Australian tennis player, Alex De Minaur, denied his wrongdoing after he was linked to Spanish police investigation of people and was suspected of paying for false Covid-19 Vaccination Certificates.
The 23-year-old, De Minaur played in last month’s Australian Open, where vaccination was mandatory.
Spanish media reports that De Minaur is among 2,200 people whom the National Police says are under investigation for having paid a criminal ring for false certificates.
On Thursday evening, De Minaur’s mother who is Spanish, said on Twitter that she wants to make it 100% clear that her son has received his second shot and have a completely valid, accurate and true vaccination record.
De Minaur said that he received his first vaccination in London, last year before he got his second shot at Madrid’s La Paz Hospital.
The 32nd-ranked tennis player stated that the La Paz hospital is under investigation for providing false COVID certificates to some of its patients. Police said that the hospital is not under investigation, but rather is the network behind the ring and its alleged clients.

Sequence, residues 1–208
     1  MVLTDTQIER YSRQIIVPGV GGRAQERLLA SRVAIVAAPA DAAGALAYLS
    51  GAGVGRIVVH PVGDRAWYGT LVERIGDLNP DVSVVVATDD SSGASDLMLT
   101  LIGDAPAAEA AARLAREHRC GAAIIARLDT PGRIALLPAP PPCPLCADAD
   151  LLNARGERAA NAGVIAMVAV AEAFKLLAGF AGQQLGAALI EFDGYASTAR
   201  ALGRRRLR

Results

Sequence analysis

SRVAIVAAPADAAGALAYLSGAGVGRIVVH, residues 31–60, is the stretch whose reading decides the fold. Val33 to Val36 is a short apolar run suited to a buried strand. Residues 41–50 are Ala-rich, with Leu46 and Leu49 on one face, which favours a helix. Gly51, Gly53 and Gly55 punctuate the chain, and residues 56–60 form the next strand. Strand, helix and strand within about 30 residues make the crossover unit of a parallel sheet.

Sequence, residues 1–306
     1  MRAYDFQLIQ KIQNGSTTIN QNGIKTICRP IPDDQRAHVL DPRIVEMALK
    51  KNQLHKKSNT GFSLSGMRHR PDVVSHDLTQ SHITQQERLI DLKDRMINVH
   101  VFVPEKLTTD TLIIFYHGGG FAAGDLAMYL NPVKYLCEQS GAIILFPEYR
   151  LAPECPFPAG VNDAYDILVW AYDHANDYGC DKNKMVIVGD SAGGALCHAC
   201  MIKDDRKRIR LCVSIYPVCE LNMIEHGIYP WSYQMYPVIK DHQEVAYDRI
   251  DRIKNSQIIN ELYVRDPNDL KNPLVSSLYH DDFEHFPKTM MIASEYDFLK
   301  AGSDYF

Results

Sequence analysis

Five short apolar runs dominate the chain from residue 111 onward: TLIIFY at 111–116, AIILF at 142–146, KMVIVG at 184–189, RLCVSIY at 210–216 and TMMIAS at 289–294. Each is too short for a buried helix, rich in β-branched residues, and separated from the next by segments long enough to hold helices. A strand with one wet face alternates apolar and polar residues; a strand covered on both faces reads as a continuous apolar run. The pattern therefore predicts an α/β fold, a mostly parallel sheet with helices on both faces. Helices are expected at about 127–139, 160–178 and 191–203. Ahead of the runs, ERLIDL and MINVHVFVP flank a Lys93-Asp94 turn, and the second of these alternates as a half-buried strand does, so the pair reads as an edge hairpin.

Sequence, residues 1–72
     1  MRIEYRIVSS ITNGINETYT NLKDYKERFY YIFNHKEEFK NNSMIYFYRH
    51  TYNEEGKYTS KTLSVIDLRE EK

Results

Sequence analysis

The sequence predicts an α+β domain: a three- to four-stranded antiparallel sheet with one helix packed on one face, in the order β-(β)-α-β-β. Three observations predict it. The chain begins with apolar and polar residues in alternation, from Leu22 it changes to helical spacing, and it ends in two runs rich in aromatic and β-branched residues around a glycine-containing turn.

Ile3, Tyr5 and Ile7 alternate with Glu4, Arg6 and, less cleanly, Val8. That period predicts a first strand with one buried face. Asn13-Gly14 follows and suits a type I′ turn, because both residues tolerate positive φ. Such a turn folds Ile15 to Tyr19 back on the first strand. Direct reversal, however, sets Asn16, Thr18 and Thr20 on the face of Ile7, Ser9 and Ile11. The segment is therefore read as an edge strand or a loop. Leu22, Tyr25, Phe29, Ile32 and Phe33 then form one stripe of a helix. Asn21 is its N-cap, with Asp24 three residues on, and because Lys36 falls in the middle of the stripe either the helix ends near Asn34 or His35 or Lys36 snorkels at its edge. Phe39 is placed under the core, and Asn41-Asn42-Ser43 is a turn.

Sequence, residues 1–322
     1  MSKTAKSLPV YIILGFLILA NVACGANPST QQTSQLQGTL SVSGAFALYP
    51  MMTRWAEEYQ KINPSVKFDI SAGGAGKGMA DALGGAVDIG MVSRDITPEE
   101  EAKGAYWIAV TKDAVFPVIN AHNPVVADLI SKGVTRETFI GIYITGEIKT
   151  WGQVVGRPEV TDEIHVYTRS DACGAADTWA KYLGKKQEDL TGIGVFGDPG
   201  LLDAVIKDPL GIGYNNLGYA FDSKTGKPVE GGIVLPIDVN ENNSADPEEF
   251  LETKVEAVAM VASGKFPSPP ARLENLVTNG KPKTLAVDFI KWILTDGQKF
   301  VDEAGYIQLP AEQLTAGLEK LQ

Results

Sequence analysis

On Tuesday, police said that they had arrested four more individuals, with the seven who were already arrested in January, who were suspected of belonging to the ring.
The ring supposedly recruited health workers to enter the names of its clients into Spain’s vaccination register illicitly which allowed them to receive a vaccination certificate without having been administered shots.
According to police, the ring found clients through messaging groups which are popular among anti-vaccine groups.
Spanish police said that in January, they had found the leaders of the ring who were operating from France and had informed French police of their identities.
The investigation is still going on.
Last month, De Minaur played in the Australian Open and lost in the fourth round to Jannik Sinner. Top-ranked Novak Djokovic was deported from Australia before the tournament after he lost a bid to stay in the country, though he was not being vaccinated against COVID-19.